Evidence shows that 30-40% all cancers deaths can be prevented, and one-third can be cured through early diagnosis and treatment.
There are about 200 known types of cancer. As with most illnesses cancer is multifactorial which means that there is no single cause for any one type of cancer. However, certain largely controllable or avoidable lifestyle and environmental factors are also known to be causes of cancer. For more information on health living initiatives please visit: www.worldcancerday.org/prevention
The Union for International Cancer Control (UICC) is the leading international non-governmental organisation dedicated to the global prevention and control of cancer. UICC’s mission is to eliminate cancer as a life-threatening disease for future generations. Founded in 1933, UICC unites 400 member organisations, specialised and engaged in cancer control, in more than 120 countries across the world. UICC is non-profit, non-political and non-sectarian. Its headquarters are in Geneva, Switzerland. For more information please visit www.uicc.org or join our join us on Facebook: www.facebook.com/pages/Cancer-Free-World/134386073255136
About the World Cancer Declaration
The World Cancer Declaration is a tool to help bring the growing cancer crisis to the attention of government leaders and health policymakers in order to significantly reduce the global cancer burden by 2020. It represents a consensus between government officials, public health experts and cancer advocates from around the world who are committed to eliminate cancer as a life-threatening disease for future generations.
The Declaration outlines 11 targets to be achieved by 2020 including: significant drops in global tobacco consumption, obesity and alcohol intake, universal vaccination programmes for hepatitis B and human papilloma virus (HPV) to prevent liver and cervical cancer, universal availability of effective pain medication and dispelling myths and misconceptions about cancer. As the custodian of the Declaration, UICC encourages priority actions to achieve the Declaration’s targets locally and nationally and promotes a comprehensive response across the globe. For more information please visit – www.uicc.org/declaration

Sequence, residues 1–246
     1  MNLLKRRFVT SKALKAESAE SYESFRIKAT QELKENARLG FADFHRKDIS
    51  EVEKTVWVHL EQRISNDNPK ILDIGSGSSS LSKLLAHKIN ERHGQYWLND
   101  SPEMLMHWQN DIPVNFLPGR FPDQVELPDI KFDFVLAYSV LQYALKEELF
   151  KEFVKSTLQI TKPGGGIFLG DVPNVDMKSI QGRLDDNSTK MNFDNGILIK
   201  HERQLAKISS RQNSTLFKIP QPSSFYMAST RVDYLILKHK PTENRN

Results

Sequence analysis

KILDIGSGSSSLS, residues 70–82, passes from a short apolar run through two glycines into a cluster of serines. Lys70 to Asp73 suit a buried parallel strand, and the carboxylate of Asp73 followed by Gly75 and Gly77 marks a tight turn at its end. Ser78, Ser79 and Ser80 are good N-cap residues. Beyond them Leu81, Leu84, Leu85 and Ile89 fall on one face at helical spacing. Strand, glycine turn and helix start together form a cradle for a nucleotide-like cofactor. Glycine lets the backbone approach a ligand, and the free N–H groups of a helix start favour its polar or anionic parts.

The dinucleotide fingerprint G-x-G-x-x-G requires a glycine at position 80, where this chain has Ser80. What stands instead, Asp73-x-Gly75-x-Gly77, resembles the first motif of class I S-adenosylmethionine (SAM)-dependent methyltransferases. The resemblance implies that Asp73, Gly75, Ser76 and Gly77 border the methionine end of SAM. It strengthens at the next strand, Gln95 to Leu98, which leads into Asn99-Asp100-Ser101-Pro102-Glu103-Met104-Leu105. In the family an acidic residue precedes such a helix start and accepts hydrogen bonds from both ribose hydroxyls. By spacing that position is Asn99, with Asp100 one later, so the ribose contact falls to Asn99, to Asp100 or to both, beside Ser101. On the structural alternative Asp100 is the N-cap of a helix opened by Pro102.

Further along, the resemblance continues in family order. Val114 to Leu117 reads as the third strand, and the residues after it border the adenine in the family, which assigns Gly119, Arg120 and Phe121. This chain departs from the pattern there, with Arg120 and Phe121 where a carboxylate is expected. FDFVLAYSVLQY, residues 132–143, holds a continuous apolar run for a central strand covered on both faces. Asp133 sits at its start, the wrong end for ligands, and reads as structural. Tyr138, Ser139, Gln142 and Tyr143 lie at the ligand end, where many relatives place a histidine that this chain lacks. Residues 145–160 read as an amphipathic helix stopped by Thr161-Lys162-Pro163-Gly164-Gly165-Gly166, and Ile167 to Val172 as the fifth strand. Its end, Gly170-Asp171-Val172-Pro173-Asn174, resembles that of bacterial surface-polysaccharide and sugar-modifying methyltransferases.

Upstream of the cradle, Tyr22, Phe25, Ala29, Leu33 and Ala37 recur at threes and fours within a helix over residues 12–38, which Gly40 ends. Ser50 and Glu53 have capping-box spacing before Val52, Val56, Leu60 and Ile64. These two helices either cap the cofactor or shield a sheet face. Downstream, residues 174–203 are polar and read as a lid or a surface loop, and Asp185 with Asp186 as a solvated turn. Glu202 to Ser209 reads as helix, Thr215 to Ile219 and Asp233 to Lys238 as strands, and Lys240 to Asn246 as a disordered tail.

About the UN high level meeting on non-communicable diseases
In May 2010, the United Nations General Assembly unanimously passed a resolution on the prevention and control of non-communicable diseases (NCDs), calling for a UN Summit on NCDs to be held on the 19-20 September 2011 in New York. The Summit will address the prevention and control of cancer, cardiovascular disease, chronic respiratory disease and diabetes, which together account for 60% (35 million) of global deaths. The largest burden – 80% (28 million) – occurs in low- and middle- income countries, making NCDs a major risk to global development and economic growth. For more information on the NCD summit visit: www.ncdalliance.org
For more information, please contact:
UICC Press Relations